Dr Campbell encouraged me to go out and “be a good neighbour” and an ambassador in the estates sector for the Trust. I was invited to join a group of likeminded individuals who wanted to collaborate to help develop the MAT education estate. Six years ago there were 12 Trusts sitting around a table, that group became The Trust Network which now has over 600 MATs as members with the organisation a key partner with DFE and named in Government policy for developing support for Estates professionals across the country.
I began my time with Brooke Weston Partnership in Kettering (sharing a desk with Matt Robbins & Debbie Tysoe in the old Ise College building, that desk was actually in a toilet which we had to vacate after lunch to let the catering staff get changed!) & now 14 years later I’m back, albeit in far more palatial surroundings! I have had the fortune to meet and work with remarkable people along the journey with BWT, & as daft as it sounds for someone who has had a career in making spaces & places it is the people that really matter not necessarily the space or place you work in. That said we have delivered a property portfolio that will provide a legacy of positive impact for generations to come.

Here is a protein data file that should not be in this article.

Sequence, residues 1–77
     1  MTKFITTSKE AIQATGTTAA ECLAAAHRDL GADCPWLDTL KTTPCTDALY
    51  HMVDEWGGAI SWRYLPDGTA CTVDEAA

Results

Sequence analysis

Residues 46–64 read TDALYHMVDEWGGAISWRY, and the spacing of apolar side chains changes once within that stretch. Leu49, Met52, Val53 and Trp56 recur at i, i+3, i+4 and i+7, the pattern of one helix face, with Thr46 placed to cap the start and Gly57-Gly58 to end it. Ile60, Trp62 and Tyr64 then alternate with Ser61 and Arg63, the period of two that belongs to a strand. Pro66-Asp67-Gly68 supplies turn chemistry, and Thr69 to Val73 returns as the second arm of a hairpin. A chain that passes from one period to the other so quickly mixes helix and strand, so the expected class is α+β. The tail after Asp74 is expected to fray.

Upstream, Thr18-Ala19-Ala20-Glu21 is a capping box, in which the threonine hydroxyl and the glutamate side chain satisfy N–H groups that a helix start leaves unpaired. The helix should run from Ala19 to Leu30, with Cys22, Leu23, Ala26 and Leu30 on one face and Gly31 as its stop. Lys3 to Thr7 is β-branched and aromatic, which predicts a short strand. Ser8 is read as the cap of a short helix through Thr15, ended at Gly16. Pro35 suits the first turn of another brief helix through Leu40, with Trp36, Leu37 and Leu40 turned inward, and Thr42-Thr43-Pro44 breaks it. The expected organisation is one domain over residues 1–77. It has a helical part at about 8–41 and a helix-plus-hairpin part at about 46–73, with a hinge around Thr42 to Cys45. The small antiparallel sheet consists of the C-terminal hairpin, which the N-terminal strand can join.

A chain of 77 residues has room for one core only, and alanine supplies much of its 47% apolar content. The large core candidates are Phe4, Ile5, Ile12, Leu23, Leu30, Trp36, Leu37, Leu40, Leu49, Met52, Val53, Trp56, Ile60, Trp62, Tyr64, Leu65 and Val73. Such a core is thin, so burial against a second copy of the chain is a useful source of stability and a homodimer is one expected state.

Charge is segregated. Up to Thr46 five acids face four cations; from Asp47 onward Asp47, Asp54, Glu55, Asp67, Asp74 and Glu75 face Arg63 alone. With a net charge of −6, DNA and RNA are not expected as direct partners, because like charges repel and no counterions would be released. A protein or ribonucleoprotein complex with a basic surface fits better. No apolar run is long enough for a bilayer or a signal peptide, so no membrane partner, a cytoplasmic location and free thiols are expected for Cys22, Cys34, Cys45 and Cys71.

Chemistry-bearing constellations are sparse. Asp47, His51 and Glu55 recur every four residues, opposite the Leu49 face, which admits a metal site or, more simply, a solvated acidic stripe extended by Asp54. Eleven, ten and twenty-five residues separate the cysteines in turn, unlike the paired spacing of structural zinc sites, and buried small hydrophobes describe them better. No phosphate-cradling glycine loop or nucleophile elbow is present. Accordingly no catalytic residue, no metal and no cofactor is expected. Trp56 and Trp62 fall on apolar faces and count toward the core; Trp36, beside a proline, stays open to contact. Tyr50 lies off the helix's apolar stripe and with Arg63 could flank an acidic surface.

There is much more I could ramble on about; CCF for example & the phenomenal opportunities that it gives young people probably needs an article all by itself.
However, in 2022 returning to Kettering where it all started seems an appropriate time to complete the circle and branch out in search of a new challenge. For those that don’t know I leave BWT at Christmas, I hope I’ll see you around perhaps working on the new Wisbech free school project or at an education conference or on an Exercise with CCF.
Thank you BWT & to borrow a phrase from Sir Peter after I brought back a Civic Trust Award for the KSA project or we secured the Corby Free School project, “that’ll do Matt, that’ll do.”